You can discover the Wey & Arun Junction Canal by foot or by boat and by doing so, you’re taking a long leisurely step back in time.
A new way to travel
There was a time, when the UK was crisscrossed by a network of busy working canals and their towpaths. And Sussex was no exception. In 1816, the Wey & Arun Junction Canal opened. These were exciting times. Up until then, you couldn’t get further from London than just outside Guildford by canal, and no further north than Pulborough from the coast.
An industrial success
This new stretch of canal linked the Wey Navigation at Shalford to the Arun Navigation at Pallingham via a series of locks, and for the first time you could transport your cargo from capital to coast and back by canal … a cost effective and safe transport system.
Branching off this, the River Rother was also once navigable to Midhurst, and the Portsmouth and Arundel Canal once navigable past Chichester. The Rother Navigation was constructed between 1791 and 1794. It was 12 miles long with a “state of the art” towpath and eight locks between the River Arun at Stopham and Midhurst.
You can still see one of the locks along with the Beam Pump at Coultershaw Bridge just south of Petworth. In fact, Coultershaw was not only on the route of the Rother Navigation but also on the Petworth to Chichester Turnpike and the Pulborough to Petworth railway. As little more than a narrowing, bend in the road these days, it’s hard to imagine what a strategic and busy position it must have once held.
The end of an era
The new Wey Arun link was a great success and for the best part of 50 years, this 23 mile stretch of canal through the sleepy backwaters of Sussex was a vibrant and busy little network. Then came the trains, thundering through at high speed and relatively low cost and by 1871 the Wey and Arun Canal was closed, its heyday behind it. And for a long time, the canal network was forgotten, slowly succumbing to brambles and disrepair.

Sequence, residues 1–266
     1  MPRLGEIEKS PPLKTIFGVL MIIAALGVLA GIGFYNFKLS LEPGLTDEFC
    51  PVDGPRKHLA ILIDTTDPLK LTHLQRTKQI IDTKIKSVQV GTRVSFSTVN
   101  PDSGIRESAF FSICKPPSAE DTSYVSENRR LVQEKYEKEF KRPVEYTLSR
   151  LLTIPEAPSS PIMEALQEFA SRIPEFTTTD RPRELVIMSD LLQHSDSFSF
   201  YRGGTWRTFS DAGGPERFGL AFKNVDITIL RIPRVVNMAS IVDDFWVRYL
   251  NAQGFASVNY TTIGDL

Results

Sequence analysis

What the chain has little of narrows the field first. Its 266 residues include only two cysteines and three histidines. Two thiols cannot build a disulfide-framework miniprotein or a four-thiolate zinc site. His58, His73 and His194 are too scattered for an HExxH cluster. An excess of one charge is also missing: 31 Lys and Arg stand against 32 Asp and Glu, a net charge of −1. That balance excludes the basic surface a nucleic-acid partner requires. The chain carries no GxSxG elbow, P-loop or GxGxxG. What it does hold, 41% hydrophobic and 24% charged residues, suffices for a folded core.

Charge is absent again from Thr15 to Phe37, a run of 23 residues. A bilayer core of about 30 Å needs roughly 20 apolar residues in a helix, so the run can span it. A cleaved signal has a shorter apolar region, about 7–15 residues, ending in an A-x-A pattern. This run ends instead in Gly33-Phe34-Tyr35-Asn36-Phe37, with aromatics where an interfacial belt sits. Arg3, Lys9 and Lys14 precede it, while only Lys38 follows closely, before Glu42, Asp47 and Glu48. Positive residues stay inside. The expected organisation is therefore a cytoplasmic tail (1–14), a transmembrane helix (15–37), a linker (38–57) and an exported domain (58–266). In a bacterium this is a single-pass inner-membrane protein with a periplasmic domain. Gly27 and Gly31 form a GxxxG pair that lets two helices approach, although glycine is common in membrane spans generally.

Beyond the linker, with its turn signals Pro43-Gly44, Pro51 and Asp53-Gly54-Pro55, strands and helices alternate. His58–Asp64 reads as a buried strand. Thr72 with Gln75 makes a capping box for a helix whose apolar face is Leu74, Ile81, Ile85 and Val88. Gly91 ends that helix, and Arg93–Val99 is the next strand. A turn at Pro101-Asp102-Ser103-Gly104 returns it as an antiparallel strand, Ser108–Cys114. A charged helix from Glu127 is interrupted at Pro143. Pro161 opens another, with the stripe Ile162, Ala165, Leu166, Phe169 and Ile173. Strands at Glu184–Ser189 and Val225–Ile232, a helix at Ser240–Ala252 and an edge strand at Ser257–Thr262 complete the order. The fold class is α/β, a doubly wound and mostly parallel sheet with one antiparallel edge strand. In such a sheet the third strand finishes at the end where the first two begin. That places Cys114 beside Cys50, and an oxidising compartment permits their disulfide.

A changing landscape
Just after WWII, Tom Rolt (a prolific English writer and the biographer of major civil engineering figures) published Narrow Boat, describing his journey through an abandoned but unspoilt canal world. This book is in part credited with creating a sea change in opinion. Up until that point many of the UK’s canals were threatened with permanent closure. But Rolt’s descriptions helped change the perception of the canals as part of an outdated industrial heritage to something for leisure and beauty. Slowly, there were a series of national legislative changes, and it’s against that backdrop that as long ago as the early 1970s, restoration on the Wey and Arun Canal began by the Wey & Arun Canal Society (which later became the Wey & Arun Canal Trust).
Revival of a forgotten heritage
To date, there is a 3½ mile section of operational at Loxwood in West Sussex which ends at the Drungewick Lock. One of the best ways to discover the Wey & Arun Canal Trust is from the Canal Centre at Loxwood, where its three excursion boats are based. One of these is an electrically powered boat, Wiggonholt, a little wider than a conventional narrowboat and it meanders along this idyllic section of canal offering cream tea tours and Santa tours at Christmas.
Walking the Wey
Today, you could be forgiven for forgetting the noisy, industrial past of the canals as the seductive hum of the canal boats and locks lull you into a sense of serenity. There’s flora and fauna in abundance, an occasional swan and on a quiet afternoon, you’re often lucky enough to have the towpaths more or less to yourself.
The restoration of the canals has also opened up lots of wonderful walks and the Wey and Arun Canal website has a number of routes you can follow. At Loxwood, there’s a pleasant loop you can do which will take you about an hour. From the canal centre and car park, follow the canal until you come to Brewhurst Lane where you go left (by way of crossing the bridge) and then turn right. The path follows the canal for a short distance before it takes you up across a field and into some woods. It’s well signed and eventually, you come out on a farm track that leads you back to Drungewick Lane. You can walk back along the canal towpath from here and the whole walk is just under 5 km. On a bright, autumn day morning, it’s a beautiful start to the day.
You can find details of lots of other walks and narrowboat tours on the Wey & Arun Canal Trust website. They rely heavily on volunteers and charitable donations and their tireless work is a formidable effort to save a valuable and beautiful part of our heritage.
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